Greek Hydriai (Water Jars) and their Artistic Decoration

See works of art
  • Bronze hydria (water jar)
  • Terracotta hydria: kalpis (water jar)
  • Bronze hydria (water jar)
  • Terracotta hydria (water jar)
  • Bronze hydria (water jar)
  • Terracotta Hadra hydria (water jar)
  • Bronze hydria (water jar)
  • Terracotta Hadra hydria (water jar)
  • Terracotta hydria (water jar)

Works of Art (10)


The hydria, primarily a pot for fetching water, derives its name from the Greek word for water. Hydriai often appear on painted Greek vases in scenes of women carrying water from a fountain (06.1021.77), one of the duties of women in classical antiquity. A hydria has two horizontal handles at the sides for lifting and a vertical handle at the back for dipping and pouring. Of all the Greek vase shapes, the hydria probably received the most artistically significant treatment in terracotta and in bronze.

The evolution of the terracotta hydria from the seventh century B.C. to the third century B.C. is well represented in the Greek collection of the Metropolitan Museum. The earliest vessels typically have a wide body and broadly rounded shoulder. Sometime before the middle of the sixth century B.C., however, the shape evolved into one with a flatter shoulder that meets the body at a sharp angle (06.1021.77). By the end of the sixth century B.C., a variant, known as a kalpis, developed (56.171.31). With a continuous curve from the lip through the body of the vessel, it became the type favored by red-figure vase painters. Terracotta black-glaze hydriai of the late Classical period were sometimes decorated with a gilt wreath that was painted or applied in shallow relief around the vase’s neck. These gilt wreaths imitated actual gold funerary wreaths that were placed around bronze hydriai, examples of which have been found in Macedonian tombs. Hydriai from this later, Hellenistic, period tend to be more slender and elongated.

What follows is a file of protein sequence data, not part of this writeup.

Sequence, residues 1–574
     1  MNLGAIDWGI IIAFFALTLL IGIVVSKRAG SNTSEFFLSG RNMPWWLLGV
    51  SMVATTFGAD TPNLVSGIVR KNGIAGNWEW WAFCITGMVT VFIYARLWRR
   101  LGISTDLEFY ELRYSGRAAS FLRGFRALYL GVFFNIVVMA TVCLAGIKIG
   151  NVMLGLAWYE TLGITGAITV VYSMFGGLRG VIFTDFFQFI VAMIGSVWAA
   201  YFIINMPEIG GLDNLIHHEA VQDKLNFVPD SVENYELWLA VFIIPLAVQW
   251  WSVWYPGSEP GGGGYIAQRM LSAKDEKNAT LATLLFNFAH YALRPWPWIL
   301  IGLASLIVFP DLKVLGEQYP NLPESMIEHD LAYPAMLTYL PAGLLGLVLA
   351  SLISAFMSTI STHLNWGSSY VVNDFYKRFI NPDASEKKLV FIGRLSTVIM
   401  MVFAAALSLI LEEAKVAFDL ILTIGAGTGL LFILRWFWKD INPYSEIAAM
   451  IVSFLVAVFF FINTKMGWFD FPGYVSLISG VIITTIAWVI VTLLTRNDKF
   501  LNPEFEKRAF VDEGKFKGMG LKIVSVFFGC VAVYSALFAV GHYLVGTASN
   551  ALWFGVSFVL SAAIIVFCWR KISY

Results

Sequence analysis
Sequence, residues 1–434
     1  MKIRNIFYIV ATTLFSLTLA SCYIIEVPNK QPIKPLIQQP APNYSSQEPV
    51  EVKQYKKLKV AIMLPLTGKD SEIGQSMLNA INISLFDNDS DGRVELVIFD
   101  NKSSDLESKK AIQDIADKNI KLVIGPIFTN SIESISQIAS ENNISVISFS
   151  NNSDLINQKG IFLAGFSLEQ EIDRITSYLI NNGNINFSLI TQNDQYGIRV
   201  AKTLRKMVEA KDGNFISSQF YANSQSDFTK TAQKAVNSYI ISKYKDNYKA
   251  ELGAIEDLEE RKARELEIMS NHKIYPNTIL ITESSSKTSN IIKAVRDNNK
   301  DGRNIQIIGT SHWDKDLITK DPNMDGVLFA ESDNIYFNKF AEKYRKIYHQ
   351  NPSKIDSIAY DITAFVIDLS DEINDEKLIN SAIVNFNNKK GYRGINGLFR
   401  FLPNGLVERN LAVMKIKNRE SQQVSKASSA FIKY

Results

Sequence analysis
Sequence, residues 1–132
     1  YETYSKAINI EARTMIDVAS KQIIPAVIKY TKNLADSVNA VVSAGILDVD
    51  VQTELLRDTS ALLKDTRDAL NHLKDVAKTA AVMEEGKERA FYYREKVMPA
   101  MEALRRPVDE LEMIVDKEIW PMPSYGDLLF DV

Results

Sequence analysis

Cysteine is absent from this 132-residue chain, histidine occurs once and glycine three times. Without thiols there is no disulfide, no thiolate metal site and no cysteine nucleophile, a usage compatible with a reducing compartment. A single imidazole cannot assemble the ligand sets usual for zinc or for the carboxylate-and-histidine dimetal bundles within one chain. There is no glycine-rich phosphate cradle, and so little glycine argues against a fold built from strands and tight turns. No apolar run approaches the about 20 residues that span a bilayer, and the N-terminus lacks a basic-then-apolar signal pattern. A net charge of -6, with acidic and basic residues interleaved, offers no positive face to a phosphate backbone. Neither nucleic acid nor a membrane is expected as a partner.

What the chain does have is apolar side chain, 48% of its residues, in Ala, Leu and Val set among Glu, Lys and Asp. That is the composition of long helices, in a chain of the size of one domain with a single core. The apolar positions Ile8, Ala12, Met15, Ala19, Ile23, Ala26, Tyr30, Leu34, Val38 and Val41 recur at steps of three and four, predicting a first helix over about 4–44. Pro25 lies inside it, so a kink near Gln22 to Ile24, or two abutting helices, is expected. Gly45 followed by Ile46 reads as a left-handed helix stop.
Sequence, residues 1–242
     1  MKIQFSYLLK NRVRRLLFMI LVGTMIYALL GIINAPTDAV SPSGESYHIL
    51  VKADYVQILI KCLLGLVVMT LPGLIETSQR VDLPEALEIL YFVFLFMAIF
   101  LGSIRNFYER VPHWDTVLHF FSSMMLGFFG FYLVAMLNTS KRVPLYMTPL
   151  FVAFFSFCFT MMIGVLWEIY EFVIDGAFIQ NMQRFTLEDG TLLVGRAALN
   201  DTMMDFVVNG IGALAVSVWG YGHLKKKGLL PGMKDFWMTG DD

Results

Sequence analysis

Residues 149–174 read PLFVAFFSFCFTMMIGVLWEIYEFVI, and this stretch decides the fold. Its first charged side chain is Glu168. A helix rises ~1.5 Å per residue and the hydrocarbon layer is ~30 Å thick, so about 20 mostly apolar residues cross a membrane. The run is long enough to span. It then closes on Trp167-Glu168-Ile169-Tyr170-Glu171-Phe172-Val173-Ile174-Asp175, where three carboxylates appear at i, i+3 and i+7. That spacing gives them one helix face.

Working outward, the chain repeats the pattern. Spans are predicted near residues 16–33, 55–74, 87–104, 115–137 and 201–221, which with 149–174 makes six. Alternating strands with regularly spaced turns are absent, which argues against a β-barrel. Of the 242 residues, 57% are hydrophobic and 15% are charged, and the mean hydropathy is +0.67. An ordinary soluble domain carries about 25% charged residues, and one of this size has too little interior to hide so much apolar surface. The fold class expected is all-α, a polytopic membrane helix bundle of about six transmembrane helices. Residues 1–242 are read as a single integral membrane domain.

Bronze hydriai (06.1078; 44.11.9) consist of a body, which was hammered, and a foot and handles, which were cast and decorated with figural and floral motifs. Sometimes the moldings and other decorative elements of the foot, handles, and rim were embellished with silver inlay. The green patina evident on many Greek bronze hydriai is a result of corrosion over the centuries. Originally, these vessels had a gold, copper, or brown tint, depending on the particular bronze alloy that was used. The cast vertical handles could be particularly elaborate, taking the form of human figures and powerful animals. Images of deities and other mythological figures appear on some of the more ornate vases of the Classical period. A particularly popular type of bronze hydria features a siren at the base of the vessel’s vertical handle.

Sirens—part beautiful woman and part bird—were mythological creatures that often had funerary connotations. Their legendary singing lured sailors off course to shipwreck and death. Frequently, sirens appear on Classical Greek gravestones as if lamenting or watching over the deceased. Perhaps their appearance on the handles of bronze hydriai signifies the vessels’ funerary function. Or, more generally, these mythological creatures may stand for female attendants. On the handles of bronze hydriai, sirens are represented with their wings open, as if in mid flight. Perhaps they are assisting in lifting the vessel and pouring out its liquid contents.